Nestle wrote an enthusiastic recommendation of this handy Greek New Testament; his brief review appeared in the Expository Times in June of 1898. He pointed out how “disgraceful” it would be to continue to circulate Erasmus’ errors in Rev. 17:8 and Rev. 22:19-21. He invited the British and Foreign Bible Society to begin to circulate Novum Testamentum Graece instead of the Textus Receptus. In 1904 the British and Foreign Bible Society began circulating the fourth edition of Novum Testamentum Graece. By that time, it became known that the editor of the 1898 edition had been none other than Eberhard Nestle.

As that was happening, a scholar named Hermann von Soden was in the process of compiling a grand edition of the Greek New Testament which textual scholars expected to become definitive, superseding all previous editions. But when von Soden’s Greek New Testament was released in 1902-1911, it was found to be extremely cumbersome, and it was flawed in various ways. Nestle’s Novum Testamentum Graece was on hand to fill the vacuum, so to speak, and it has done so ever since.

But should it? According to Kurt and Barbara Aland, the 27th edition of NTG differs from the early text compiled by Eberhard Nestle “in merely 700 passages.”11 Considering the high number of variant-units involved, this implies that the text of the Gospels in NA-27 and UBS-4 is essentially the same text that was published by Eberhard Nestle in the early 1900’s. It is as if the papyri and the implications of their contents (not to mention the research into early versions, the revisions of patristic writings, and other significant discoveries and research undertaken in the 1900’s) have been treated as if they did little but confirm the revised text, whereas in reality they shook the foundational premises that had been used by Westcott and Hort.

The marketplace for Greek New Testaments in the early 1900’s rapidly became crowded: Bernard Weiss, Alexander Souter, and J. M. S. Baljon made compilations which rivaled Nestle’s.12 F. H. A. Scrivener’s editions of the Textus Receptus remained in circulation. Thomas Newberry’s 1870 Englishman’s Greek New Testament – a fine interlinear edition of the Textus Receptus which featured a presentation of variants adopted by textual critics prior to Westcott & Hort (Griesbach, Lachmann, Tregelles, Tischendorf, Alford, and Wordsworth) – also remained in print. The public generally had to choose between either a Greek text similar to the 1881 revision of Westcott & Hort, or the Textus Receptus. Greek New Testaments which were used as the base-texts for English translations tended to have the highest and longest-lasting popularity in English-speaking countries.

In 1982, Zane Hodges and Arthur Farstad published a compilation called The Greek New Testament According to the Majority Text. As its name implies, this text was intended to consist of the readings shared by the majority of Greek MSS. Hodges and Farstad proposed that the Alexandrian Text is a heavily edited, pruned form of the text, while the Majority Text is much better, inasmuch as “In any tradition where there are not major disruptions in the transmissional history, the individual reading which has the earliest beginning is the one most likely to survive in a majority of documents.”13 The work of Hodges and Farstad was the basis for many text-critical footnotes in the New Testament in the New King James Version, which was published around the same time under Dr. Farstad’s supervision.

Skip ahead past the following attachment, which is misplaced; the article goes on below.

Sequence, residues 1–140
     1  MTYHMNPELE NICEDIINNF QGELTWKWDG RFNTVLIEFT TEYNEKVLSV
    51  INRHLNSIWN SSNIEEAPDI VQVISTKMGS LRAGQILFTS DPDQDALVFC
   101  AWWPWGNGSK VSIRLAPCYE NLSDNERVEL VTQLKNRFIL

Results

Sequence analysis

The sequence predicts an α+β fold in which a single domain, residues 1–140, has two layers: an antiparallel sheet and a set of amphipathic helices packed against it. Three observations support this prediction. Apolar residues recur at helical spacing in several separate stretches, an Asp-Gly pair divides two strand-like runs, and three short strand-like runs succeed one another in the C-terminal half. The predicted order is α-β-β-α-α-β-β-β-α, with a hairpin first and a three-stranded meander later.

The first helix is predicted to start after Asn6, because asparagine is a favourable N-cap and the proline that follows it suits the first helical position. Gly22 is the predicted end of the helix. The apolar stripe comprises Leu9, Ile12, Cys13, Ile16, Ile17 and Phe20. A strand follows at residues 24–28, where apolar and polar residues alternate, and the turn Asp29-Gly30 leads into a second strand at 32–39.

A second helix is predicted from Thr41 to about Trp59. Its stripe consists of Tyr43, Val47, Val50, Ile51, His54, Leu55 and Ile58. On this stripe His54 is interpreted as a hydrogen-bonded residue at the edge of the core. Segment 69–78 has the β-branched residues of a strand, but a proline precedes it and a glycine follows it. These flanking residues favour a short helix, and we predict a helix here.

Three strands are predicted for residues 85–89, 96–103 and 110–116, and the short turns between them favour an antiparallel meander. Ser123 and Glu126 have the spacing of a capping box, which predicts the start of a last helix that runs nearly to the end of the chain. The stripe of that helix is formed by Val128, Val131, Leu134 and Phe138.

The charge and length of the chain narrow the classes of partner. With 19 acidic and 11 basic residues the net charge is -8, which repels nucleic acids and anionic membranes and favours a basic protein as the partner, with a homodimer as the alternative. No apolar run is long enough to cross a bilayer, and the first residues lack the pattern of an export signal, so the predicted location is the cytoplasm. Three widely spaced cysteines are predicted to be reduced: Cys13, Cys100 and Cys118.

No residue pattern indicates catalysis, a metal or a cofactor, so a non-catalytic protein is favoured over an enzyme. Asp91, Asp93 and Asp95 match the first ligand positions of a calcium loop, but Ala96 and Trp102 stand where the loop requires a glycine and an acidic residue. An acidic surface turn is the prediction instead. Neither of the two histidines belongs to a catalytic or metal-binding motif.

A similar work was released in 1991 by Maurice Robinson and William Pierpont, called The New Testament in the Original Greek According to the Byzantine/Majority Textform. A second edition was published in 2005. Rejecting any notion of defending the Textus Receptus (which differs from the Byzantine Text at over 1,800 points, about 1,000 of which are translatable), Robinson and Pierpont regarded the Byzantine Text as virtually congruent to the original text. A disadvantage of the Byzantine Text is that its component readings are whatever the majority of Byzantine MSS support; almost no analytical attempts to reconstruct the relationships of variants within the Byzantine tradition are undertaken since the question is usually settled by a numerical count.

In some respects, Hodges & Farstad and Robinson & Pierpont have paved a trail that was blazed in the 1800’s by John Burgon, who opposed the text of Westcott & Hort. Burgon’s aggressive writing-style sometimes overshadowed his argumentation; nevertheless some of his views were vindicated by subsequent research. For example, Hort asserted that “even among the numerous unquestionably spurious readings of the New Testament there are no signs of deliberate falsification of the text for dogmatic purposes,”14 but Burgon insisted that the opposite was true. Burgon’s posthumously published Causes of Corruption (1896) even included a sub-chapter titled “Corruption by the Orthodox.” Almost a century later in 1993, a variation on Burgon’s theme was upheld by Bart Ehrman in the similarly titled book The Orthodox Corruption of Scripture. As a result, though Ehrman exaggerated his case in many respects, no textual critics now consider Hort’s assertion to be correct.

Many scholars and interested bystanders, noticing that the weaknesses of several of Hort’s key premises and assertions have been exposed, have been willing to consider the model of transmission-history proposed by the supporters of the Byzantine Textform – but not many have decided to embrace it. Some have irresponsibly associated it with the novel American fundamentalist doctrine of King James Onlyism. Others have rejected it because, despite detailed lists of principles of internal and external evidence in Dr. Robinson’s essay The Case for Byzantine Priority,15 the quality which usually determines the adoption of a variant in the approach advocated by Robinson is its attestation in over 80% of the Greek MSS. Patristic evidence and the testimony of early versions are not included in the equation of what constitutes the majority reading. Distinctive Alexandrian variants, Western variants, Caesarean variants, and even minority readings attested by the oldest Byzantine witnesses (such as parts of Codices A and W) have no chance of being adopted; generally, whenever a variant is supported by over 80% of the Greek MSS, it is adopted.